Editor's note: This is so full of amazing parts it's hard to pick just one! Please read it, even if you don't know who Werner Herzog is. The link should hopefully take you around the paywall.
From Werner Herzog in The New Yorker: "Pittsburgh turned out to be a bad idea. For a start, the steel industry was almost dead, and the shuttered plants were rusting away. Second, Duquesne University was an intellectually impoverished place. Quitting school would have meant losing my visa and having to leave the United States. So I kept my registration. I slept on the sofas of various acquaintances and of my original host, a professor, forty but terrified of his mother, who forbade contact with female students and perhaps with women in general. A freak encounter changed everything. One day, it started raining, and the car drew up beside me. The woman wound down her window. She could give me a lift, she said. It was a two-minute drive to Fox Chapel. She said I’d do better staying with her; she had a spare room in her attic. Her place was just a quarter of a mile from his. And so I found myself adopted by a family."
How Syria tried to solve its drought problem in the 1930s by banning the Yo-Yo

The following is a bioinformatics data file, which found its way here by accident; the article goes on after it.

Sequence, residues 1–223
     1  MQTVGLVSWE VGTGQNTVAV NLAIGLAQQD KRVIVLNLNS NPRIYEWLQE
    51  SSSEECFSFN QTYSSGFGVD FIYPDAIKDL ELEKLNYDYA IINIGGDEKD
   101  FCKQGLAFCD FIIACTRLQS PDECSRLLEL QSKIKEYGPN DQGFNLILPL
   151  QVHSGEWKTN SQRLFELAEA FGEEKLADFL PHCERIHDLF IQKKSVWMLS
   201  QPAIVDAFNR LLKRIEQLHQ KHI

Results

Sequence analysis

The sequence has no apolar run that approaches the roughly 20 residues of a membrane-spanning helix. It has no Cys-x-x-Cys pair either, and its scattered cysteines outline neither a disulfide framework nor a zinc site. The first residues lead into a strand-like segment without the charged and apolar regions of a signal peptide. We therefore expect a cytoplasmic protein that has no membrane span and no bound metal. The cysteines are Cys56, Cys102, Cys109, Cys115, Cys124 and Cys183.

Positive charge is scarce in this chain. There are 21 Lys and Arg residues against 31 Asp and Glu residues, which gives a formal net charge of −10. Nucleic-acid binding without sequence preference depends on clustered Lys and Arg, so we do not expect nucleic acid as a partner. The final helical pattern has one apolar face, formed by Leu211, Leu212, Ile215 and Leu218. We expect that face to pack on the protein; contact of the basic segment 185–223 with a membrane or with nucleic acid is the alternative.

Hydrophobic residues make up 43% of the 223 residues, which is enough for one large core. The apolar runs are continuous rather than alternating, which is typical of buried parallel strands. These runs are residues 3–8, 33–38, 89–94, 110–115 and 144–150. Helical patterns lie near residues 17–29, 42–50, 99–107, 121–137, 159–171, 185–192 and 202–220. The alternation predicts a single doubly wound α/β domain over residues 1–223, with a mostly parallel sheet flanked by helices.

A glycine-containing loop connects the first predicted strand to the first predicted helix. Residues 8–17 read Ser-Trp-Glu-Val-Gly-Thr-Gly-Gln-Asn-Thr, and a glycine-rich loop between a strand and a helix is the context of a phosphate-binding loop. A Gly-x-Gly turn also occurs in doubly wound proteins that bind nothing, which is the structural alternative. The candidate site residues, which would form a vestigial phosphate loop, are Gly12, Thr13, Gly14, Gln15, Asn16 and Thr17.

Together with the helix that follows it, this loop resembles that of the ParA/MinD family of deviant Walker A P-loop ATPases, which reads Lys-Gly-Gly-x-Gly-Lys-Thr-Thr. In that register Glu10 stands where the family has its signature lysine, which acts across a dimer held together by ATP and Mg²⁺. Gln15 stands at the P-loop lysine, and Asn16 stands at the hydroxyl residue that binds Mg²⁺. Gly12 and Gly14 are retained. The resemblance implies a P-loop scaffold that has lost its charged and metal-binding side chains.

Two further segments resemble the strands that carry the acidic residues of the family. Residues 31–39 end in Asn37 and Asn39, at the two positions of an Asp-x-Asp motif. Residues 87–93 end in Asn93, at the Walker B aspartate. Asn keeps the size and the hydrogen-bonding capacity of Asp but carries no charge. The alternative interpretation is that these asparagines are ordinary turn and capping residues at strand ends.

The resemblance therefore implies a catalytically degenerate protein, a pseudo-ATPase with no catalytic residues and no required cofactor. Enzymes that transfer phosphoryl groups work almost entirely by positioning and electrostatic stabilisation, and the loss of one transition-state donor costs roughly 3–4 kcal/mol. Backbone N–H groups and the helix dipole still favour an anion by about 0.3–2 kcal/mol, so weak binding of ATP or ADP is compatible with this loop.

From Dan Lewis at Now I Know: "In late 1932, Syria experienced a significant lack of rainfall, and the results were dramatic. As Time magazine reported at the time, a handful of Muslim priests believed that the start of the drought coincided with the introduction of the yo-yo into Syrian society, or at least, with the newfound popularity of the toy in Syrian communities. (It’s not exactly clear when the yo-yo first came to Syria, but according to the CBC, there’s evidence that the Greeks used them as early as 500 BCE, so they probably weren’t brand new to Syria at the time.) So, as Time Magazine reported at the time, the priests approached the government and argued that “the up-and-down movement of these infidel tops counteracts the prayers of the pious for rain. [ . . .] Rain will never fall again in Syria while the wicked play with yo-yos.”
What an analysis of two ancient letters can tell us about Vlad the Impaler
From the National Library of Medicine: "We report the results of peptides and proteins harvested from three letters written in 1457 and 1475 by Vlad III, also known as Vlad the Impaler, or Vlad Dracula. The characterization of the ancient proteins extracted from these documents allowed us to explore the environmental conditions, in the second half of the 15th century, of Wallachia, a region considered as a meeting point for soldiers, migrants, and travelers that probably carried diseases and epidemics. In addition, the identification of peptides and proteins harvested from the letters allowed us to uncover more about Vlad Dracula. Particularly, the experimental data show that he probably suffered from inflammatory processes of the respiratory tract and/or of the skin. In addition, proteomics data suggest that he might also have suffered from a condition called hemolacria, that is, he could shed tears mixed with blood."